Despite broad applications and increasing global culture of Photovoltaics (PV), the technology has been considered a product to ‘add’ without design integration with existing city infrastructure. We are inspired by Seoul’s culture of transient streetscapes and dynamism in the built environment and view the nature of change and instability as a new sensibility of a contemporary city. The concept is to connect this phenomenon of change to the application of solar panel technology. We have developed a palette of colored BIPV panels, effective corner details, and colored aluminum and LED panels to test the perception of instability.
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Along the main facade of the hospital, there is busy pedestrian traffic anchored by a domed baseball park with mixed commercial programs, metro stations, bus stops, and university buildings. Maintaining the efficiency of manufacturing and energy production, we designed a unique pattern configuration of dark gray, satin gray, gray BIPV panels, aluminum panels, and LED strips. The difference in the light reflection and color mixture produces a continuously changing image of the facade with the change of the sun angle, height, and weather. The instability of this hospital facade reflects the dynamic interactions and activities in the surrounding urban area.
The GS medical center renovation presents a case of an integrative facade retrofit design using Building Integrated Photovoltaics (BIPV) in the context of roles played by clients, architects, manufacturers, and the government. The renovated facade provides 139.48 kW capacity from a 1022 m2 photovoltaic area, estimated to produce 101,330 kWh/year, equivalent to 43 tons of CO2/year reduction and about 7% of the total energy usage in the hospital.
The focus of the design is to respond to both the socio-cultural mission and the technical aspects of the photovoltaic retrofit. The new hospital facade aims to enhance spatial legibility, animate streets, create a sense of welcome, and provide the image of updated medical services. The facade pattern using a limited material palette will also provide energy production with smart construction logic. Thus, we transformed the four round corner details to 90-degree edges, increasing the PV surface area, providing a straightforward construction arrangement, and making the mass of the building vertical and legible. Moreover, we created a unique pattern using colored BIPV panels, aluminum panels, and LED strips to reflect constantly changing images in the city.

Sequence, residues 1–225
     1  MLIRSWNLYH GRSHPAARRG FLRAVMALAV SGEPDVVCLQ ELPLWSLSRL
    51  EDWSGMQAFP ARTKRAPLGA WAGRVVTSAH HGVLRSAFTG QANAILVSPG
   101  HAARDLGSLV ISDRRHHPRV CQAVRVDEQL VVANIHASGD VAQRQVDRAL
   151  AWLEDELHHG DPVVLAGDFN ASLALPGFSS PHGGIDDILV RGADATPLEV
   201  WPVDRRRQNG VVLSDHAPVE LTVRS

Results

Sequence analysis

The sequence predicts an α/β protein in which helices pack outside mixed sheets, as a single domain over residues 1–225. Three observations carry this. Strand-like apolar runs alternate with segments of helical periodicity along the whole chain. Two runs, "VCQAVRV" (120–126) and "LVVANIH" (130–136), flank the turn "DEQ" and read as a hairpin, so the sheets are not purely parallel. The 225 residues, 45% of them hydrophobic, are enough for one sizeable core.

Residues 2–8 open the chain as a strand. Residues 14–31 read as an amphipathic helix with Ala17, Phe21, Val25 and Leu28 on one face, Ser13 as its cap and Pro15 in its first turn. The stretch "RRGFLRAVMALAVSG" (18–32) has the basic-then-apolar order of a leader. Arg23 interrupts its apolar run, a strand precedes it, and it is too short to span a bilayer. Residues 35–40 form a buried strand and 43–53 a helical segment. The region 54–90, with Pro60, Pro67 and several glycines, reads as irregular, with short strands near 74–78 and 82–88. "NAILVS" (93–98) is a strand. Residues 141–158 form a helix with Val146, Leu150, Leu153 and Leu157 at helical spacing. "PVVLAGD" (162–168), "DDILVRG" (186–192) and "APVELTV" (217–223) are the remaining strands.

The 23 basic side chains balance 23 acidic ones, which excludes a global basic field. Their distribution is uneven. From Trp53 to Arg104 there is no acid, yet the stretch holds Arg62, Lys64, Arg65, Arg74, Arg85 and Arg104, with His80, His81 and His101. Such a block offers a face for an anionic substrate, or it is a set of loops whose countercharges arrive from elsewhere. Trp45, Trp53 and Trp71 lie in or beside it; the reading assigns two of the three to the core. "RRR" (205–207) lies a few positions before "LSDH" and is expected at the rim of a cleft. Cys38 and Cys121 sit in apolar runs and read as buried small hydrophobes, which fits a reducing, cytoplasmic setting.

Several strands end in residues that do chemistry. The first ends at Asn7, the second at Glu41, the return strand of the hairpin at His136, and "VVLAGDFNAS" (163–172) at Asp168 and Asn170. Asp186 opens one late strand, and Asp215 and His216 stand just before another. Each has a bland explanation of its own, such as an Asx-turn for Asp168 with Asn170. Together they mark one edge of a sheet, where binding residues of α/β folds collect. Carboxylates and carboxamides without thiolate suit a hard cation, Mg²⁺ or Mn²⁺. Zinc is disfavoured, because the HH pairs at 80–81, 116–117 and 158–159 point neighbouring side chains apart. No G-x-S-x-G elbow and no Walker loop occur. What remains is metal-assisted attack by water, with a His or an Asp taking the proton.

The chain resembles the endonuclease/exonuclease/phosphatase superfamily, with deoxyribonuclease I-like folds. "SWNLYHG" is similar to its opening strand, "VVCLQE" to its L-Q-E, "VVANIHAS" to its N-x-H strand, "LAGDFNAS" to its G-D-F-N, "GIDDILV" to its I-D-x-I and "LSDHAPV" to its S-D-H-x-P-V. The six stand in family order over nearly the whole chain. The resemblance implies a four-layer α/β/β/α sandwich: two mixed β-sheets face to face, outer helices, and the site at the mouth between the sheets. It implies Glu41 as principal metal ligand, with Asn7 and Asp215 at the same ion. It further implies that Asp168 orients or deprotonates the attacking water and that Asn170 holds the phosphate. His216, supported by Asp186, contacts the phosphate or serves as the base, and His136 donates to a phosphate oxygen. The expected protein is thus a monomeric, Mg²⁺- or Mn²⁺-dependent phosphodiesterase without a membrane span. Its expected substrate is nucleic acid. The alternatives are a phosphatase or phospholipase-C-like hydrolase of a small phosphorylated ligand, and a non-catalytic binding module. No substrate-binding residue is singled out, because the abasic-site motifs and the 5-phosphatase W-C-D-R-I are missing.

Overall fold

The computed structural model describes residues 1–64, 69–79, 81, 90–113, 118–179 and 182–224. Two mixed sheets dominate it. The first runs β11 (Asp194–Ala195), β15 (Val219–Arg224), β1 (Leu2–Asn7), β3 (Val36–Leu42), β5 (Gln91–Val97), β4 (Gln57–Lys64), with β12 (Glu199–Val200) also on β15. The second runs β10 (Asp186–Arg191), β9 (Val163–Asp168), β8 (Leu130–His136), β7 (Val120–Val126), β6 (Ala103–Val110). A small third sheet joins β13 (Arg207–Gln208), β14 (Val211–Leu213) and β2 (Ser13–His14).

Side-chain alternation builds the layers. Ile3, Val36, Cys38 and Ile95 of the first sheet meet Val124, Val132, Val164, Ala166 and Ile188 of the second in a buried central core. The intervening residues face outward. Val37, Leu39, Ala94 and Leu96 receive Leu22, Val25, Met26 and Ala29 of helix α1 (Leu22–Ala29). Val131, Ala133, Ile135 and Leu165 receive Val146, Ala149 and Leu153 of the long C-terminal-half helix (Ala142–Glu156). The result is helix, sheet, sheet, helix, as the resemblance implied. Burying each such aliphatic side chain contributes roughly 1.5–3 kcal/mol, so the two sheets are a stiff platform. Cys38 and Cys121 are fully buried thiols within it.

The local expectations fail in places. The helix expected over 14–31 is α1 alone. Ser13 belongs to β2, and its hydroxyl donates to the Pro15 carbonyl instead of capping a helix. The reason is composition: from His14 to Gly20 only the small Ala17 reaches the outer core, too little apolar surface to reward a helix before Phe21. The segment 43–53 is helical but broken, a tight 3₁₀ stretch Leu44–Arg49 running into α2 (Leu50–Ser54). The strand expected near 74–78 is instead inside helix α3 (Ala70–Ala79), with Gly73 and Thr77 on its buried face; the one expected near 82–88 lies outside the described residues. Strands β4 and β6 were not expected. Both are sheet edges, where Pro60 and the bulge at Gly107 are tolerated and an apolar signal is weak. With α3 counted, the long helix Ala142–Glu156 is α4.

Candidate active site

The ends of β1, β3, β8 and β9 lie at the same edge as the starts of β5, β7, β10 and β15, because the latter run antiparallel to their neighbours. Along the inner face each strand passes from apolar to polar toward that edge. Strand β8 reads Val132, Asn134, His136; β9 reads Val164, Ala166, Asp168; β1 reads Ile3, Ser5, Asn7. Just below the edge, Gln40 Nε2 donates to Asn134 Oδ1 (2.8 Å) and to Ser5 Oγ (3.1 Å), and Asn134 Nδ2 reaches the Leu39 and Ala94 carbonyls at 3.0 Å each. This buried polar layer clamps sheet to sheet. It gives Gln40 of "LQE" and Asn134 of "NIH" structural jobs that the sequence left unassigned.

The facade pattern transforms itself depending on orientation, time, and weather, reflecting ever-changing images in the city. Gray and dark gray BIPV panels create an overarching pattern, while black satin BIPV panels and thin LED strips contribute to a dynamic rhythm. Green aluminum panels bring color to the design and also provide construction tolerances for BIPV panel accumulation. The newly created sharp corner buildup emphasizes the verticality of the mass and the new presence of the hospital. The hospital’s newly established facade will not only represent the city’s ever-changing images but also contribute to the integration of renewable energy technology into the facade retrofit.
“This is a completely new presence – not just a building – but a brand, service, street, and public reception.”
Dioinno + JHKA is a collaborative practice founded by Jin Young Song and Junghoon Ko. The team is interested in viewing contemporary facades as mechanisms that integrate manifold technical and non-technical elements, as well as generating a specific relationship between people and culture. Song received his Master's degree in Architecture from Harvard University and has professional experience working for SOM, OMA, and Sauerbruch Hutton. He is currently an Associate Professor at the State University of New York at Buffalo and has received awards including the iF Design Award, Forge Prize, Architizer A+ Awards, AZ Award of Merit, and AIA New York State Design Award. Jung Hoon Ko holds a Master's degree in Architecture from the University of Pennsylvania and has worked as a project architect at Gluck+ and Curtis+Ginsberg Architects.